The Paradoxes of Saison

As we were recording the most recent episode of the podcast, words came out of my mouth that surprised me--and I've been thinking about whether they were true. We were discussing saisons, and so of course we began with Dupont's. In the 1970s, it was one of just two extant examples that I can document, and the one Michael Jackson loved. His affection for the beer ultimately attracted the attention of importer Don Feinberg (Vanberg and DeWulf), who started bringing it to the United States in the 1980s. At the time, it constituted just 2% of Brasserie Dupont's output. Now, of course, it is a thriving style--which takes us back to that comment.

This beer, although it almost went extinct, is one of the most important beers in the world. It has single-handedly inspired more imitators than any other beer in the world.

I actually have some data on this. BeerAdvocate serves as an incredible repository for beers brewed in the world, and since it's divided up by styles, you can quickly gauge the relative popularity of different beer styles in terms of how often breweries make them. For example, there are 12,854 pale ales listed. By contrast, there are 72 eisbocks on record. (Poor eisbock.) Nearly every style has fewer than 3,000, and I had to work to find any with over 5,000--all typical American styles (it is an American database, after all). There are only 3,054 German pilsners listed--and you can't even get to 5k if you throw in Czech pilsners. Imperial stouts barely exceed 2,000, despite their love among beer geeks. There are 3,024 witbiers. Saisons? A whopping 9,179--third most among all styles listed.

Not all of those beers were directly inspired by Saison Dupont. The fact that there are so many of them demonstrate that the style has been abundantly revived, and the myriad permutations--low alcohol grisettes, wild-inoculated and barrel-aged ales, black saisons, spiced saisons--are testment to its evolution. And yet it's also likely that none of them would now exist were it not for Saison Dupont. That beer created a living lifeline to an entire approach to brewing, one that has been inspiring modern brewers for going on three decades now. I've also yet to find a brewer making saisons who is not familiar with Dupont, whether it was the direct inspiration or not.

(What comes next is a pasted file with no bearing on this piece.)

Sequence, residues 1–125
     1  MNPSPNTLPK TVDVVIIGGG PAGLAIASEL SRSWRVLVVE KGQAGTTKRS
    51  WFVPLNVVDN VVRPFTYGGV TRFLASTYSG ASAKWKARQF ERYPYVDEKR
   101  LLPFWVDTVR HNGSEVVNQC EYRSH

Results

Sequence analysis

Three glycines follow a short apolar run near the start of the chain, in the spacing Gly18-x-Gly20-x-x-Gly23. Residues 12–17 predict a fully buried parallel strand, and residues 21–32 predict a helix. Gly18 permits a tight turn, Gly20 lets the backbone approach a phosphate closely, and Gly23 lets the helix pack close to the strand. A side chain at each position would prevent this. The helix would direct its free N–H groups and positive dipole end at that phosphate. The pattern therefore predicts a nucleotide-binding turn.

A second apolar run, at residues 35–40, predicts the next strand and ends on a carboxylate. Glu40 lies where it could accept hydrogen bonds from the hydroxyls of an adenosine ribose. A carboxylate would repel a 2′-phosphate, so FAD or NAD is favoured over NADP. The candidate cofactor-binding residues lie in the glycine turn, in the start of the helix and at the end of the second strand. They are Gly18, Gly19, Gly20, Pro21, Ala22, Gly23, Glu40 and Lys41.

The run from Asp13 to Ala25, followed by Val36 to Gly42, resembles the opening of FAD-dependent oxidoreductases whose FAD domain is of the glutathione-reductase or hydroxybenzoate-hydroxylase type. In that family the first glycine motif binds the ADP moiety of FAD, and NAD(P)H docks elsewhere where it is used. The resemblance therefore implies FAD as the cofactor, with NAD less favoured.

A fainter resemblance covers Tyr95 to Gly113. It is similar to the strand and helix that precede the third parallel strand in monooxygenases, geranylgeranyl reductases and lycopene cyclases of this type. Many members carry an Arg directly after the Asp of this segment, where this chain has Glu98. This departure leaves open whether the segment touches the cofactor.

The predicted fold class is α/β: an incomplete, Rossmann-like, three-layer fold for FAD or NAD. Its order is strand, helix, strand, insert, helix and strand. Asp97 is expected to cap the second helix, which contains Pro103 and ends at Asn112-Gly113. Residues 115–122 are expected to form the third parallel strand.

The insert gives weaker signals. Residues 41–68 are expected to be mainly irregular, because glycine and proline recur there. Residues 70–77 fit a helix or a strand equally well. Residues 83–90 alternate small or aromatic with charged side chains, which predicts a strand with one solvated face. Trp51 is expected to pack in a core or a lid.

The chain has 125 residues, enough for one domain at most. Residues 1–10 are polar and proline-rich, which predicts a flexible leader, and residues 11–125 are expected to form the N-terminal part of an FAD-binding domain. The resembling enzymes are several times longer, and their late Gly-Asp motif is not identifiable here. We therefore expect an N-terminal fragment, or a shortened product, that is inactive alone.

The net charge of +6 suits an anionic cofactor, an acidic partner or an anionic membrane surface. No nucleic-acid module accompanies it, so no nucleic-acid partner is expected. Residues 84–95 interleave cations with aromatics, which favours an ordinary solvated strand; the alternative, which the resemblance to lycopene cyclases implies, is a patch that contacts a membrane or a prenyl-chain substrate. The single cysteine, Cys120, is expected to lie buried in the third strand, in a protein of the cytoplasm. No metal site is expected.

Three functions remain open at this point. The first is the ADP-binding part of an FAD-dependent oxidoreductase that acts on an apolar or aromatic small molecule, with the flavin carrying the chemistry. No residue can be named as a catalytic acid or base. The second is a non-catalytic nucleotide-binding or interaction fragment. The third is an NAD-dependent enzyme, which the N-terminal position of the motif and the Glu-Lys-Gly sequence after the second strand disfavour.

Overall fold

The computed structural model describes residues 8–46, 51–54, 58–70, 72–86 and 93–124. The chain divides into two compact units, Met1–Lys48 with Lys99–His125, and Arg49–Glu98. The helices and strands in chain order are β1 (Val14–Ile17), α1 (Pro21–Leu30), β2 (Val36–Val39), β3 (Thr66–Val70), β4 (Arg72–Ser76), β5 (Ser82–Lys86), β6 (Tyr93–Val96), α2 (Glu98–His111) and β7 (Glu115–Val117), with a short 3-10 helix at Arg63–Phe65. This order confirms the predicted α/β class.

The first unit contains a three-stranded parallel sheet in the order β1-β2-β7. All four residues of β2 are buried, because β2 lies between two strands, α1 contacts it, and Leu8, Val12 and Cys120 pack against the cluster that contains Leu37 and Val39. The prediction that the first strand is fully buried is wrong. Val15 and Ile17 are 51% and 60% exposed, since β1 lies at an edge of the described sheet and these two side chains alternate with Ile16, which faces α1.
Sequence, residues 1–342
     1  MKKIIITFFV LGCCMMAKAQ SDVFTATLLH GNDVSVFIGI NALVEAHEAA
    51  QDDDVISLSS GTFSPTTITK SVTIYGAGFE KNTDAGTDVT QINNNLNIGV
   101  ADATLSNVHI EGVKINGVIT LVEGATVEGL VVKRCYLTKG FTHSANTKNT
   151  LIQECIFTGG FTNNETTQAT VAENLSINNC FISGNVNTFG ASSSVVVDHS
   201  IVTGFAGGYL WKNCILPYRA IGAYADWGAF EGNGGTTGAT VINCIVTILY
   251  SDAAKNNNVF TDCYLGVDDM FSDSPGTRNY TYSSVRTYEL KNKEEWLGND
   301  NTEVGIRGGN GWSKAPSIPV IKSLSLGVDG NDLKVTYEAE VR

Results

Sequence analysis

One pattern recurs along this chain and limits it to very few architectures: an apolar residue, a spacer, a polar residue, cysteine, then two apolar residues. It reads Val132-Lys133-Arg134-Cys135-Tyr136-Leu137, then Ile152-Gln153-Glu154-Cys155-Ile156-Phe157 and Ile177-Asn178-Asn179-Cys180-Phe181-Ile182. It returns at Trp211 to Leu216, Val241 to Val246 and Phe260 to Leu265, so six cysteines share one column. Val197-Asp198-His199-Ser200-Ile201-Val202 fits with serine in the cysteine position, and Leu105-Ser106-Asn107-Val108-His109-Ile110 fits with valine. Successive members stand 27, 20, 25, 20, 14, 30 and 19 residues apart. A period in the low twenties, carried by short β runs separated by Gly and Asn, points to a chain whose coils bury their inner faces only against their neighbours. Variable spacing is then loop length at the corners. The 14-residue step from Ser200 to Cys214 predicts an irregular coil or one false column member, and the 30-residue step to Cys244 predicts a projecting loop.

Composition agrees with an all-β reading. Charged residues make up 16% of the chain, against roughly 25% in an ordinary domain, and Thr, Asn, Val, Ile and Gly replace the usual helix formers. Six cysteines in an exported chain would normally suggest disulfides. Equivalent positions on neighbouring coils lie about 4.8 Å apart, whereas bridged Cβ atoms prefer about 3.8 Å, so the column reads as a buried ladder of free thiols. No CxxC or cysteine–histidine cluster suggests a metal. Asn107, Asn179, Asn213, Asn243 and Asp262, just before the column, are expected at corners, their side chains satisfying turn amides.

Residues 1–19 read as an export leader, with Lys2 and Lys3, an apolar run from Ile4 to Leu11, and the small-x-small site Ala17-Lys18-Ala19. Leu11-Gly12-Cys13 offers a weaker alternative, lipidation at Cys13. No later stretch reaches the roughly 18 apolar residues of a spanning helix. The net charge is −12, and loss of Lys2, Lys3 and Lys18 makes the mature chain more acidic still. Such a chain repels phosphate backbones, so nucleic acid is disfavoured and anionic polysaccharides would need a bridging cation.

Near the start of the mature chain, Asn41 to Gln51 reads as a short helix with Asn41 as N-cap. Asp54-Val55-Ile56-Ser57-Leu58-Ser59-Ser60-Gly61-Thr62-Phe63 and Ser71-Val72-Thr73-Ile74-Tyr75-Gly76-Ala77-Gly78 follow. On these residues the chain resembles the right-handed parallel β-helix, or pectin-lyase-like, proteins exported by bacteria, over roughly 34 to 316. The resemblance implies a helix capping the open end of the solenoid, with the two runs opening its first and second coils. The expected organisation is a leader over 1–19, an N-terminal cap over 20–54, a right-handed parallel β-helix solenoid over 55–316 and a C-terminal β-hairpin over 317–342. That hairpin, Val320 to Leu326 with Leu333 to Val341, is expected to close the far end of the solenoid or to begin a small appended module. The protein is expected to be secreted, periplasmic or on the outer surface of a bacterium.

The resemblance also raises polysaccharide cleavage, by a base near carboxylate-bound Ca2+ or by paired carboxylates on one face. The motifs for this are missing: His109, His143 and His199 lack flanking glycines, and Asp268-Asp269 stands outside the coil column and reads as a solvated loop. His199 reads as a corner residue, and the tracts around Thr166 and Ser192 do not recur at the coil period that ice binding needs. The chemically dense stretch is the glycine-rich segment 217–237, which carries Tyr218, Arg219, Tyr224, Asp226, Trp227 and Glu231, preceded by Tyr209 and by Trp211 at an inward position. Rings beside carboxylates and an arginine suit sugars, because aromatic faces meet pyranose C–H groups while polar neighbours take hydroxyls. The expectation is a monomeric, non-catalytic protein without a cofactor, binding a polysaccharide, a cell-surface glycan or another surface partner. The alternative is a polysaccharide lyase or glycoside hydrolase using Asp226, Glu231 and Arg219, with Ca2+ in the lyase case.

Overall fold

There's another wrinkle to the story of saisons: why is it that a style so manifestly popular with brewers has never found a mass audience among drinkers? To the extent there's a "national" brand, it would have to be specialty beers like Ommegang Hennepin, Boulevard Tank 7, or Goose Island Sofie--beers that are just niches within their breweries' full line. Brewers have told me that the name is part of the issue--both "saison" and the word "farmhouse" are marketing blind alleys. But "India pale ale" is at least as problematic, and that didn't stop it from taking over the world. (There are 24,264 of them in the BeerAdvocate database.)

And while we're exploring paradoxes, consider this last one. This broad category of beer is romanticized for its "rustic" character and origins (though of course almost none are made anywhere near a farm today), and yet the way that rusticity expresses itself in the beer is through sophistication. This is the reason brewers love saisons and consumers are so often confused by it.

If you love the style like I do, join us for the podcast. We discuss the history, approach to the style, and classic examples (which we taste, of course). And Patrick has an answer to the question of why they aren't more popular that I hadn't considered. Make sure you give it a listen--